MOSCOW (Reuters) - Russian security forces killed the leader of an Islamist insurgency in the North Caucasus during a raid on a house in the Dagestan region, the national Anti-Terrorist Committee (NAK) said on Monday.
Dagestan, from which convicted Boston Marathon bomber Dzhokhar Tsarnaev emigrated with his family to the United States in 2002, has become a hub of militant Islam in the North Caucasus.
Four other suspected militants were also killed with Aliaskhab Kebekov, also known as Ali Abu Mukhammad, after special forces surrounded the house in a suburb of the town of Buynaksk in southern Russia on Sunday, NAK said.
It released video footage showing the house exploding and a shootout followed by more blasts. The house is later seen in ruins, with the rubble ablaze.
The Kavkaz Centre website, which sympathizes with the militants, said Kebekov had been “martyred” in an “unequal battle” with state troops.
Kebekov, born in 1972, became the leader of the Caucasus Emirate group in early 2014 after Russian security forces killed his predecessor, Doku Umarov, who had been Russia’s most-wanted man.
Two other senior Dagestani militants were among the dead, NAK also said, adding that a child had been allowed to leave but two women as well as the suspected militants had refused to come out during negotiations preceding the raid.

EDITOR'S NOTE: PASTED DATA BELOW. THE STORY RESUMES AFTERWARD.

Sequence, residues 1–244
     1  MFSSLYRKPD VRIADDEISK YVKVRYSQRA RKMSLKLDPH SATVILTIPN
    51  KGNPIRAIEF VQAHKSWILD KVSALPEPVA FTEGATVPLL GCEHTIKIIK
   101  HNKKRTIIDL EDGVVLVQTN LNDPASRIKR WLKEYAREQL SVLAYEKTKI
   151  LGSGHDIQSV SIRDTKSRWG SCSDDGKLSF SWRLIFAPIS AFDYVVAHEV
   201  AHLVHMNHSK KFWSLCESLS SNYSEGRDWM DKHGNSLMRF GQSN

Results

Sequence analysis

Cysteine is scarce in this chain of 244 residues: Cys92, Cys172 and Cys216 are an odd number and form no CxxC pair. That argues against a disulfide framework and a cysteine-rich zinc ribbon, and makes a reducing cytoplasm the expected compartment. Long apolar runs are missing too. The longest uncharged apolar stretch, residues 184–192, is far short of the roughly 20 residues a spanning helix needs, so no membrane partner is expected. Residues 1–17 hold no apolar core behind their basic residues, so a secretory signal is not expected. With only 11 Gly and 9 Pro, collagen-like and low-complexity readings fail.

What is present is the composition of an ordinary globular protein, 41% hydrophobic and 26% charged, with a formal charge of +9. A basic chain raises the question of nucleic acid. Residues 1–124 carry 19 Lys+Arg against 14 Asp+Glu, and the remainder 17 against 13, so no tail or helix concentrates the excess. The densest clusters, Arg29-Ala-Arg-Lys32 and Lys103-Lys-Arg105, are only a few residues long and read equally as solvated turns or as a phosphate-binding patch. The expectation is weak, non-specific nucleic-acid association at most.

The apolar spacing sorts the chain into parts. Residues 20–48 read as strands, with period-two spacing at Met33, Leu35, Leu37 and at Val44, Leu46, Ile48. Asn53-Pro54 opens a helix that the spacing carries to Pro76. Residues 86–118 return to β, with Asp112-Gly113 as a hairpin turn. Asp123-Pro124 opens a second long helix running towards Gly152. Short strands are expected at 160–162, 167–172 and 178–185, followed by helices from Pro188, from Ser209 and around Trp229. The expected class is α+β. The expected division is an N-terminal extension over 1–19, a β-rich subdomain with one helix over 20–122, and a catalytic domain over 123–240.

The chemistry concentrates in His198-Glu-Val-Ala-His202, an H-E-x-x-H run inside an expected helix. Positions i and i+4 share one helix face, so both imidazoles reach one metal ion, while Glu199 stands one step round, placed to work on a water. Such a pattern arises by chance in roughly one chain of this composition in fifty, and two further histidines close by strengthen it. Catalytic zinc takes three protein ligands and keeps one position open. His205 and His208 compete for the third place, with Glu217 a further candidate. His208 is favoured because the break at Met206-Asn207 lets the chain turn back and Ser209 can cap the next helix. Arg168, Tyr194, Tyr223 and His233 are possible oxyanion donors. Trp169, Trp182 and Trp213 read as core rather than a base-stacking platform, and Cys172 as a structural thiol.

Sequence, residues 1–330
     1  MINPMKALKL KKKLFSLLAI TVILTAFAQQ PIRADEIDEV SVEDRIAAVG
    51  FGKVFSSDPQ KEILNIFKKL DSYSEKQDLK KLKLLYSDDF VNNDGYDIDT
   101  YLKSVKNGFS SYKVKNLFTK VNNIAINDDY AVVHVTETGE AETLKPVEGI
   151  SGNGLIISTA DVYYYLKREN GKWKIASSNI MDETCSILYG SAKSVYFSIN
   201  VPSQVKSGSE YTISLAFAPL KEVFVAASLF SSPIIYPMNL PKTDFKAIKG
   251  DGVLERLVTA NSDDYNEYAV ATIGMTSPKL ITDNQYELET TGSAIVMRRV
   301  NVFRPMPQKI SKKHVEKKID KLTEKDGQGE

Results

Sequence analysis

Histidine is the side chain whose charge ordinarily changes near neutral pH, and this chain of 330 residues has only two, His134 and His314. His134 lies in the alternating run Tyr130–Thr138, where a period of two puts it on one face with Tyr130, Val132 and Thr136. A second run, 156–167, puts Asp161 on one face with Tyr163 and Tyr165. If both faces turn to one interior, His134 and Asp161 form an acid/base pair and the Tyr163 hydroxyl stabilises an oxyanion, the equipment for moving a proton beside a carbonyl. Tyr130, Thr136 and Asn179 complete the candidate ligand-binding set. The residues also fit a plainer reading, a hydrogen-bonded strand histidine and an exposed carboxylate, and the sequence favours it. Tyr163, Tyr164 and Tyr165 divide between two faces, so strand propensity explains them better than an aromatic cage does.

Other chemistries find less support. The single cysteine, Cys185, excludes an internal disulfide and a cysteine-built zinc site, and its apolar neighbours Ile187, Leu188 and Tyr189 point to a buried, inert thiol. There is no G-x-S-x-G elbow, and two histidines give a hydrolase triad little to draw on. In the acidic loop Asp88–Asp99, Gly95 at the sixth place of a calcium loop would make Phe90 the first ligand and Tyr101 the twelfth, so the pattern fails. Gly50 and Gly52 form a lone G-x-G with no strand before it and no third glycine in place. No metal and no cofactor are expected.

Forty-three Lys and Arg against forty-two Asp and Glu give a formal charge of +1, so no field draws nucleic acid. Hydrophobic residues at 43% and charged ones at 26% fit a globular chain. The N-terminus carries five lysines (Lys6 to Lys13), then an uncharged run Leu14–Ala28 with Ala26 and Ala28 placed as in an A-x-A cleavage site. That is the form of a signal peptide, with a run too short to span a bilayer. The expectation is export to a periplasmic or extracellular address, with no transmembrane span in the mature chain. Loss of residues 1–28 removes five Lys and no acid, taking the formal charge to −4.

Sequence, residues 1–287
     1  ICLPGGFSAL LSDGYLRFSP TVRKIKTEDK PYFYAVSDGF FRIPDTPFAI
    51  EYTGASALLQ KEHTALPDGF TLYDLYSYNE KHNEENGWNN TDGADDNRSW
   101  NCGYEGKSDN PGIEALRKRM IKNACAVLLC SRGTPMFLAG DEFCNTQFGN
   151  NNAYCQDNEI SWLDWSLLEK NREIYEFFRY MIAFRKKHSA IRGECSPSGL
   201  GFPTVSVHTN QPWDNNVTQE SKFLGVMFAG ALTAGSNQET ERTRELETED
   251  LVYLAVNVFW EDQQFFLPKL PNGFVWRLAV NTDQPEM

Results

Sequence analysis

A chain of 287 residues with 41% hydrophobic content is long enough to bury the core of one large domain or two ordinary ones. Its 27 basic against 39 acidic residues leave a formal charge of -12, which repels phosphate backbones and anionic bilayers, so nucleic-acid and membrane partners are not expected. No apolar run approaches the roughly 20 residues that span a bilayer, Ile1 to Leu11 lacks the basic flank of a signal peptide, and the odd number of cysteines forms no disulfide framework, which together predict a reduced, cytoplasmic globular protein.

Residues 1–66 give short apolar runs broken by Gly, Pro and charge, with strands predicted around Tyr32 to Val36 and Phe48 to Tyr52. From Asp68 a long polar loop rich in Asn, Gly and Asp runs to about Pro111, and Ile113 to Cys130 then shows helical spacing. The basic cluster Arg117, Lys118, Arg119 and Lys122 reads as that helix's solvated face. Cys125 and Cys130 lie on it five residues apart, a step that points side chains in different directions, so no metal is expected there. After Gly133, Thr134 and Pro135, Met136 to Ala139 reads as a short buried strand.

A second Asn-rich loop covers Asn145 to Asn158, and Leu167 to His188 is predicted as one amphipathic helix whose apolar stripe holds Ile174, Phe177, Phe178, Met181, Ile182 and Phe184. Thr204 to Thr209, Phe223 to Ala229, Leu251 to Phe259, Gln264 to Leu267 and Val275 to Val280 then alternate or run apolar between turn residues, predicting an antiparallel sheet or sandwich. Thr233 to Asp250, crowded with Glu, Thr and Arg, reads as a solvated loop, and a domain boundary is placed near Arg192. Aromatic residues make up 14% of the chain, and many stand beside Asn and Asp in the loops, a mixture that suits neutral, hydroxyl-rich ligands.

Kebekov’s Caucasus Emirate was listed as a terrorist group by the United States in 2011 and is held responsible for several deadly bombings in Russia in recent years.
Moscow waged two 1990s wars on separatists in Chechnya, which borders Dagestan. It now faces an insurgency by militants who have proclaimed a caliphate in the North Caucasus, a patchwork of mainly Muslim provinces on Russia’s southern rim.
Russian authorities have sounded an alarm over the insurgents’ links with Islamic State (IS) and said some militants have ventured out to join the ranks of the ultra-radical group, which controls large swathes of Syria and Iraq.
A North Caucasus expert and editor of the Caucasian Knot website, Grigory Shvedov, said the killing of Kebekov could strengthen the cause of more radical militants who broke ranks with him last December to shift allegiance to Islamic State.
Rights activists and Kremlin critics accuse Russia of using heavy-handed tactics in the North Caucasus that violate the law and increase resentment among locals. Russian authorities say the use of force is necessary to protect public safety.
Editing by Timothy Heritage and Mark Heinrich